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Toh Wen Li
The Straits Times
Dec 16, 2016
One of music teacher Philip Tan's favourite exercises is to ask students to randomly give him phone numbers. The digits are matched with musical notes that are strung together to create original melodies.
"Once students add rhythm, phrasing and harmony (to the melody), they are amazed," he said.
This constant search for creative ways to teach music is one of the reasons that Mr Tan, 43, is on a shortlist of 50 teachers to win the Varkey Foundation Global Teacher Prize 2017.
The US$1 million (S$1.4 million) award, dubbed the Nobel Prize for teaching, was started three years ago by Dubai-based education charity Varkey Foundation to raise the profile of teaching worldwide.
The top 50 candidates, from 37 countries, were whittled down from more than 20,000 applicants and were picked on criteria such as achievements inside and outside the classroom, innovative and effective teaching methods, and whether they provide a values-based education.
The 10 finalists will be announced in February, and the winner revealed on March 19 at the Global Education and Skills Forum in Dubai.
Previous winners include Ms Nancie Atwell, founder of a non-profit US demonstration school, and Palestinian teacher Hanan Al Hroub.
Mr Tan, who was the creative director for the opening and closing ceremonies of the Asean Para Games in 2015, started teaching piano at 15 to pay for his own lessons.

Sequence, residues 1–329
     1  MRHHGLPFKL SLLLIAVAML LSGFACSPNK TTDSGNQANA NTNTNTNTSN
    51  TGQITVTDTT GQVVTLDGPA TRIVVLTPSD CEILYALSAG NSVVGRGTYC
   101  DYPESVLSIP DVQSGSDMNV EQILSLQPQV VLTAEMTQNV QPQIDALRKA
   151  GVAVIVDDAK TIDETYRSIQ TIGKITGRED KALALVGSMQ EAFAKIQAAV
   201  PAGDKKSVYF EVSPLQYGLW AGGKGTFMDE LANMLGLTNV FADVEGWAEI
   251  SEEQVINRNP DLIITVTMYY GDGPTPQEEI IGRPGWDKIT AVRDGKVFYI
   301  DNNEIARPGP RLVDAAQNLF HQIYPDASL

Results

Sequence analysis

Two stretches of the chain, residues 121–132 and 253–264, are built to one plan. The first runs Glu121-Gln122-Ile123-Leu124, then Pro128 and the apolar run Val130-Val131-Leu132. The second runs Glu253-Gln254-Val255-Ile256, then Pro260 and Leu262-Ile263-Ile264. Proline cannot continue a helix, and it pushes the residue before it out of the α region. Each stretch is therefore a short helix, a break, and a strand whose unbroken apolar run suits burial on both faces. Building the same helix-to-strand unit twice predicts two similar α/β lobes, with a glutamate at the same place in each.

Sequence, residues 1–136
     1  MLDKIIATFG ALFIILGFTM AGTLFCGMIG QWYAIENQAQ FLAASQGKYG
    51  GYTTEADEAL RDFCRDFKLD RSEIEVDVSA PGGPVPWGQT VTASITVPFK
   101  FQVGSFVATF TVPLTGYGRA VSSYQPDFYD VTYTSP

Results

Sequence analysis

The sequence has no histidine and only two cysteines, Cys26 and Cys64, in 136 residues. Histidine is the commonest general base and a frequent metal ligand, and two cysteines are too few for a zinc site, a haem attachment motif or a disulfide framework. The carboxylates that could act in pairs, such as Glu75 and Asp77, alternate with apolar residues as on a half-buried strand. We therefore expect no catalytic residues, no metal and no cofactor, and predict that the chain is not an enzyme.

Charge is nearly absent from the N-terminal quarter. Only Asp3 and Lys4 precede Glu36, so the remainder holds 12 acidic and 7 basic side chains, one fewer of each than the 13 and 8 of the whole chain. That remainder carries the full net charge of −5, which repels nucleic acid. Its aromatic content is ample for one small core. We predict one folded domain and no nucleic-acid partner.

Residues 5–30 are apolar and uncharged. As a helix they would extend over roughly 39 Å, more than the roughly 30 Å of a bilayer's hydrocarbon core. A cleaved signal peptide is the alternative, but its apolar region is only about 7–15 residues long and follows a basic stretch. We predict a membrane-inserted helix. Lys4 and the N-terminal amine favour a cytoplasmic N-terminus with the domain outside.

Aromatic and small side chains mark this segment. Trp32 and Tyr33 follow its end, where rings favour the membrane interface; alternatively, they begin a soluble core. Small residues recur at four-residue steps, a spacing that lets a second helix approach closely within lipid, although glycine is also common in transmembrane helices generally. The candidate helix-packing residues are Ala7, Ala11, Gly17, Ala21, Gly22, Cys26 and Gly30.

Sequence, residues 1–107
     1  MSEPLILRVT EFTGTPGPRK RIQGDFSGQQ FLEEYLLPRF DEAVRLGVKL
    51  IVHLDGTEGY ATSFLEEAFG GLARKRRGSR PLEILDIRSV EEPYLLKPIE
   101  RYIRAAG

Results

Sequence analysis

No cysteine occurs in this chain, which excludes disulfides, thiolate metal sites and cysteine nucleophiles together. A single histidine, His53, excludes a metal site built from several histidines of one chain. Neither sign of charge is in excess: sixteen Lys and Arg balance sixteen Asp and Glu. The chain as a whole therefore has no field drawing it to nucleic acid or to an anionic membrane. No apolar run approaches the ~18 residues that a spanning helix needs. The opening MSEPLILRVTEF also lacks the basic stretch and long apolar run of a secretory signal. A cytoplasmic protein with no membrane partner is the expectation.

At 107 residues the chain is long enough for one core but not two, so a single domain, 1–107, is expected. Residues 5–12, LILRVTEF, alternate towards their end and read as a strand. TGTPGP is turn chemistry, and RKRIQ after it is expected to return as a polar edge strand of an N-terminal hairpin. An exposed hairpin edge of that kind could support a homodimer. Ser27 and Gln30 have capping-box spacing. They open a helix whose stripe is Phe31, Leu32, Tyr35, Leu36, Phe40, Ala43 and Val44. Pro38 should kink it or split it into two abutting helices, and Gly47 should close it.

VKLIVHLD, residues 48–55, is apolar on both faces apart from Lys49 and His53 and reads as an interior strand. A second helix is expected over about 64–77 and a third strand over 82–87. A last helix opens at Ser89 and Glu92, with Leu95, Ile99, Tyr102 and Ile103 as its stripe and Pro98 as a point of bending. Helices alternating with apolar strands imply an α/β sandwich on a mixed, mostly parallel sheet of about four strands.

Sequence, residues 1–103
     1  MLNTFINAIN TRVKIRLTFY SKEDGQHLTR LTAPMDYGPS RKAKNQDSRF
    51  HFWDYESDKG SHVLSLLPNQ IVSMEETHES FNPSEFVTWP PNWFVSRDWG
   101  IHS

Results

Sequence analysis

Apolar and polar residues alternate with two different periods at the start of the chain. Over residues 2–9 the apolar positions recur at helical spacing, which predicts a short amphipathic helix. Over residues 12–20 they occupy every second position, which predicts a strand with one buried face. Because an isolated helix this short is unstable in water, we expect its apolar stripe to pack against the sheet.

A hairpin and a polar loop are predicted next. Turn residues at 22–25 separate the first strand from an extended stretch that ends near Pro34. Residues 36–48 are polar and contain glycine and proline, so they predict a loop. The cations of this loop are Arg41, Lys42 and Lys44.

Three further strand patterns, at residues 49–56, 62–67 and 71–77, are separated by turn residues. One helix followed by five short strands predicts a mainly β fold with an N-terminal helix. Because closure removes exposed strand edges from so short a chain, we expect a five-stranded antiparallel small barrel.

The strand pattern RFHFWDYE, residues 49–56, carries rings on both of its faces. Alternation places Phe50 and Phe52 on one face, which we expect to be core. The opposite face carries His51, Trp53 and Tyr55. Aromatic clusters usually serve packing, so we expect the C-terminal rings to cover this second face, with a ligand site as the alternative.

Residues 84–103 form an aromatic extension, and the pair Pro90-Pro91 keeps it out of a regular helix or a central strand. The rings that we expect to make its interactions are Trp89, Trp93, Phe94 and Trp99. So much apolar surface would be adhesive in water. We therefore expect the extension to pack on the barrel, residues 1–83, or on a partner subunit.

He said: "If I'm working with young students, instead of teaching them notes, I teach them patterns. They arrange objects to (learn to) put a musical passage together."
The adjunct lecturer at Republic Polytechnic, Nanyang Academy of Fine Arts, ACS International and Lasalle College of the Arts has also taught music at many other schools - including A-level, O-level and International Baccalaureate music - and at welfare and special homes.
"When I teach (troubled youth), I use percussion instruments and then they get the chance to fight (with music), to shout as loud as they like."
Mr Tan, who is married to a music teacher and has three children, said: "Teaching music is my calling... I strongly feel I can use this as a vehicle to guide other people, simplifying complex concepts into a simple language."
He has a master's degree in music from Kingston University in Britain, and a diploma in music from Lasalle College of the Arts.
If he wins, he plans to use the prize money to fund a "creative playground" for musical learning, which would come with a surround-sound recording studio. He also wants to set aside $120,000 for scholarships for students.
Said Varkey Foundation CEO Vikas Pota, 42: "Philip, in particular, has worked hard to raise the profile of music education, including its role in helping autistic pupils."